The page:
My next destination was Deoghar, in the state of Jharkhand. On the way I diverted to the Basukinath Temple. It’s dedicated to Lord Shiva, the most notable Hindu god, and is an important place for pilgrims. The clue to this was the number of naked, skinny old men that I passed, making their way along the main road. Well, I assume that was the case, rather than it being a naturists’ day out. In the town I was adopted by a guy who showed me a place to park,then took me to the temple to show me around. It was a busy place, with groups of people worshipping at an altar which had Shiva’s linga on it. Shiva is the god of all creation and life, and this is what the linga represents. In more modern times, the cylindrical column of the linga has been regarded as a phallic symbol, but it isn’t. It simply represents Shiva in the same way that a cross represents Jesus. The devotees wash it with milk, smear some kind of paste on it, then wash that off with more milk. I know not why specifically, it’s just part of the ritual of worship.
I gave my guide some money, “for the poor”. Do the poor ever see the money these guys collect? A cynic might have doubts, but knowing how these temples spend money and time feeding the hungry and homeless, I believe it does. It’s common to see people sleeping here and there, clearly using the area as a sanctuary. I was able to wander around and take photos here. The buildings were nice and there were lots of people around. Outside, I found a tea stall and got chatting to some guys. They left, but paid for my tea when they paid for theirs. I found my way back to the bike and set off, ignoring the guy who was trying to stop me, and making money signs at me. On reflection, he was probably asking for the parking fee. Oh well.
In Deoghar I found the hotel I’d pinpointed, among some very busy streets, but fortunately in a quiet square. The owner initially wanted Rs1,000 for the room but when I showed the price quoted on the booking website, and suggested I could book online, he brought the price down to Rs750 to match it. I got a good price, he saved on the commission. He was a nice guy, who spoke very good English. He explained to me where there was a restaurant that sold chicken, with a beer shop next door. I had a nice curry. The walk down there was through a narrow street, chock full of colourful stalls and colourfully dressed people. There was lots of street food too. Small bikes and scooters fought their way through the crowds, like I’d had to do on my way in. At the end of the street, where it joined the main road, was a clock tower, very reminiscent of the one that houses Big Ben, in London. I decided I liked this town.
My main visit, next day, was to Bababaidyanath Temple, a much revered place of worship. The hotel owner had arranged for me to be taken there by one of the temple helpers. These are people who look after visitors. I wasn’t allowed to have breakfast and I was supposed to bathe beforehand too. That went by the wayside as I’d showered the night before. The owner and I went across the road for some chai before my visit. The helper led me up through the back streets to the temple, not far from the hotel. I insisted we sort out the payments first. I knew the temple would want a ‘contribution’ and that he would too. In addition there was a fee for queue jumping. That was well worth the money because the queue went all round the building and halfway round the compound.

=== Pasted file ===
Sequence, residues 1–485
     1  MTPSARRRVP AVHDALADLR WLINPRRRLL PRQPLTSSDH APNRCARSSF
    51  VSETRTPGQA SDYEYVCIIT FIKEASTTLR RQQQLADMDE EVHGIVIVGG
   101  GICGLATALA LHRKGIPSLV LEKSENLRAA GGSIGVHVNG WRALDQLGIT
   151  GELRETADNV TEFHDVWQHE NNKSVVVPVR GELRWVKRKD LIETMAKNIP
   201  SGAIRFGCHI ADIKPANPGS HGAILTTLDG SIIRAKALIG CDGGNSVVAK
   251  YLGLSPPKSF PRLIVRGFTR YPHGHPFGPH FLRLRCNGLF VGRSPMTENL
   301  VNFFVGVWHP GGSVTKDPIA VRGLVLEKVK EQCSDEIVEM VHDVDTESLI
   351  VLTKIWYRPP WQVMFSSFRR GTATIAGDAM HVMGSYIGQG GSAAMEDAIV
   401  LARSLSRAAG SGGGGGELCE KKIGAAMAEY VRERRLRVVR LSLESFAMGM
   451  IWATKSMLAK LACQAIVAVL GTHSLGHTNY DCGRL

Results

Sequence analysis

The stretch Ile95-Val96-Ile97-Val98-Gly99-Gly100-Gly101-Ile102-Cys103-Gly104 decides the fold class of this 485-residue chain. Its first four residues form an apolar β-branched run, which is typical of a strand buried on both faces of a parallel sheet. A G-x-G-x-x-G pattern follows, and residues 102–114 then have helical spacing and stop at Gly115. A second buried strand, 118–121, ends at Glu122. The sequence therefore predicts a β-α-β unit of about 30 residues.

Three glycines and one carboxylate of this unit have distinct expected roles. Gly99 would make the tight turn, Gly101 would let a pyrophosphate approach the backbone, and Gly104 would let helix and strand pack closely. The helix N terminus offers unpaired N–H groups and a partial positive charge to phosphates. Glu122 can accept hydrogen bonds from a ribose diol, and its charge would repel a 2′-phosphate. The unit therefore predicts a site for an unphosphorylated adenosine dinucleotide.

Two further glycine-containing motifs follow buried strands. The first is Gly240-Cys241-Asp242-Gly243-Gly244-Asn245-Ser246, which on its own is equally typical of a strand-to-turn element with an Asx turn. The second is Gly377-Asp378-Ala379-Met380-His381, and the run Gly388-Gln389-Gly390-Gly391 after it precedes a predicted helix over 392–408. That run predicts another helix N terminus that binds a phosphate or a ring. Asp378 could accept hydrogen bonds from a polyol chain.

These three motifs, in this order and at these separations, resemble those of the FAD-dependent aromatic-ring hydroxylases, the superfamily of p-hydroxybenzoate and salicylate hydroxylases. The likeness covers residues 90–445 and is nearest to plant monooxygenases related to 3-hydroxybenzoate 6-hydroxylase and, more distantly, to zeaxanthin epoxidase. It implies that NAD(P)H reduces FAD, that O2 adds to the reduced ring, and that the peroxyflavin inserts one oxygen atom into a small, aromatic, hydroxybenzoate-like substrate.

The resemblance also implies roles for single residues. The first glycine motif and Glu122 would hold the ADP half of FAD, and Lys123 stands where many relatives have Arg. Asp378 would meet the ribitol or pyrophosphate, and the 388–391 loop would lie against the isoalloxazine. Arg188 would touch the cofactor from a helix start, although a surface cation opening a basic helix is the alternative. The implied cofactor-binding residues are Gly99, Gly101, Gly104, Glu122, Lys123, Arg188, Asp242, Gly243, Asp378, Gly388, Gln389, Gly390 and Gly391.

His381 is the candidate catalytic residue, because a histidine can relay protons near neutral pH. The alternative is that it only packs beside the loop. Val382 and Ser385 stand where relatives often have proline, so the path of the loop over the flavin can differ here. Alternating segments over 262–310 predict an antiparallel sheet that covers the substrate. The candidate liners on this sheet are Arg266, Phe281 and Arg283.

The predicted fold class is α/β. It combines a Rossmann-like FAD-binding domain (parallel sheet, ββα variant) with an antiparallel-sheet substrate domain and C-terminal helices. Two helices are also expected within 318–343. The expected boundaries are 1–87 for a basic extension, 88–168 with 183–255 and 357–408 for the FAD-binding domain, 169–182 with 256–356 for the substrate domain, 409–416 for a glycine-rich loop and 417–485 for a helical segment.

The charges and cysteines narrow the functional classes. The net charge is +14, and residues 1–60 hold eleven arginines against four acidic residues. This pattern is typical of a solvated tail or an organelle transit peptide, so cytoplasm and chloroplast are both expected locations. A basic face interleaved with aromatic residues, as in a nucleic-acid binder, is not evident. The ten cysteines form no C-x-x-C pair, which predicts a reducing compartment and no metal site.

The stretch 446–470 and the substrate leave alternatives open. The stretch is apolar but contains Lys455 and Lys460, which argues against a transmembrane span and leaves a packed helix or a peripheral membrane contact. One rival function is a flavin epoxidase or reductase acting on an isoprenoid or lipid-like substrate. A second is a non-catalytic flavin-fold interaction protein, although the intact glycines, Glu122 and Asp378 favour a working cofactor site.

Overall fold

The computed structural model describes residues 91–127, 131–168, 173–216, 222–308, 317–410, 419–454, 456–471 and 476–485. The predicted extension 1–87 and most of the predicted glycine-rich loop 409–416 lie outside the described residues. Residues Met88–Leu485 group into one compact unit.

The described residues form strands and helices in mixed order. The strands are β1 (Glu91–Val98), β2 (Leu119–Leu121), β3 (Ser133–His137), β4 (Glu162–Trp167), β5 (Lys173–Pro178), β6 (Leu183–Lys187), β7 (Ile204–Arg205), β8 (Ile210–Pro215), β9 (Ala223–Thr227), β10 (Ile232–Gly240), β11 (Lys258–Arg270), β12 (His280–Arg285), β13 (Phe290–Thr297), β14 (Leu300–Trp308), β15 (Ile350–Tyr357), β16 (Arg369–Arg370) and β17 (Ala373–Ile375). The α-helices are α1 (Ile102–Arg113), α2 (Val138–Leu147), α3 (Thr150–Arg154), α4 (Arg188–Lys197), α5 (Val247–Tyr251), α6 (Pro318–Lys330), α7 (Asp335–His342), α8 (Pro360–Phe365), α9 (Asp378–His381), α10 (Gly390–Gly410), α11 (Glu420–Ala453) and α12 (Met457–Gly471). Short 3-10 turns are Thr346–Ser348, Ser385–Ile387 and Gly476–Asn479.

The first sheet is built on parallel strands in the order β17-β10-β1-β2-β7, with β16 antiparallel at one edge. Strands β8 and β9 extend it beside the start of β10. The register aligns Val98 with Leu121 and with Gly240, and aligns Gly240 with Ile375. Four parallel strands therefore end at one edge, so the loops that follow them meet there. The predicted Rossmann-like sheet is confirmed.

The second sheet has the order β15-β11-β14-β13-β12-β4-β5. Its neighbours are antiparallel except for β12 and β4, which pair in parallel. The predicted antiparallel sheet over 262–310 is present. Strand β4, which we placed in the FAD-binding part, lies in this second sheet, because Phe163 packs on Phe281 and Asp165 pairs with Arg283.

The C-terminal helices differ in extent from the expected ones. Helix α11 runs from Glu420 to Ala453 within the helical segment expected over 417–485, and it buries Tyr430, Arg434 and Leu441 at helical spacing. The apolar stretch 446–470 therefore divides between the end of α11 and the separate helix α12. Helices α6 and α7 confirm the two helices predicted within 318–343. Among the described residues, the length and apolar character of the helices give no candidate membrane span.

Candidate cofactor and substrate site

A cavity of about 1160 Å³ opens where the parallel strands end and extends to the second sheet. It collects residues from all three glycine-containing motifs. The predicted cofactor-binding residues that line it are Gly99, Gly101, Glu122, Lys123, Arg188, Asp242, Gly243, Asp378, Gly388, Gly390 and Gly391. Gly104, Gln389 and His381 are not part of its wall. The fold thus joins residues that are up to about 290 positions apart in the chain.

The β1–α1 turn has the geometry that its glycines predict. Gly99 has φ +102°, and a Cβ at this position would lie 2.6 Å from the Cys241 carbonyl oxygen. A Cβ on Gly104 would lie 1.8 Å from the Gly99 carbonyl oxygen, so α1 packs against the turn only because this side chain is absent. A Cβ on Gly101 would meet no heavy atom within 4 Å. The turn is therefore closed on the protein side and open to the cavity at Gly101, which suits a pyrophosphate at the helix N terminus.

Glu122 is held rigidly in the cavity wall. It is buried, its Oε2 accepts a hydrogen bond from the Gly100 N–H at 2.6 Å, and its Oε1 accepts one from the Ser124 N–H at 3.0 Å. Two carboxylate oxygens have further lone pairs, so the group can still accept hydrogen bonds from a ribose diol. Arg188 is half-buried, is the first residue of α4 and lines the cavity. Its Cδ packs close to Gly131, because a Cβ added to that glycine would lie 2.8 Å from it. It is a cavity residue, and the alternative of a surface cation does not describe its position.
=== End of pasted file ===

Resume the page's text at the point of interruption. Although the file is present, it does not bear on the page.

I was given a small jug of water, presumably holy in nature, and some flowers too. We had to force our way in through the door, past the crowds, pushing and shoving our way through. There were unseen steps under our feet and I wondered how someone would manage if they happened to fall over. There was a policemen using his stick (called a lathi) to control the crowds, only allowing small groups in at a time. My helper made sure I didn’t get left behind and eventually I was able to kneel down before Shiva’s linga, pour the holy water on it and rub it with the flowers. Then my group was hustled out to make way for the next gang of eager worshippers. I thanked my helper and wandered around the compound to take photos. Plenty of stalls selling worshippers’ trinkets, flowers etc. The strangest sight though, was of a couple of young boys getting their heads shaved. I’ve no idea why but it was obviously some kind of ritual or rite of passage. The mothers looked pleased, the boys did not!
Later on I visited Naulakha Temple, so called because in 1932 it cost nine lakh rupees to build. (One lakh equals 100,000.) It was a very showy building, with lots of white marble and, fortunately, places to sit. My feet were getting sore from all the walking. Having mentioned the lakh, I’ll tell you that the other large Indian number commonly used is the crore, which is one hundred lakh. They rarely use millions or billions here. A crore would be written as 1,00,00,000; a lakh as 1,00,000. As an example, India’s population of 1.3 billion would be expressed as 130 crore people, or 130,00,00,000.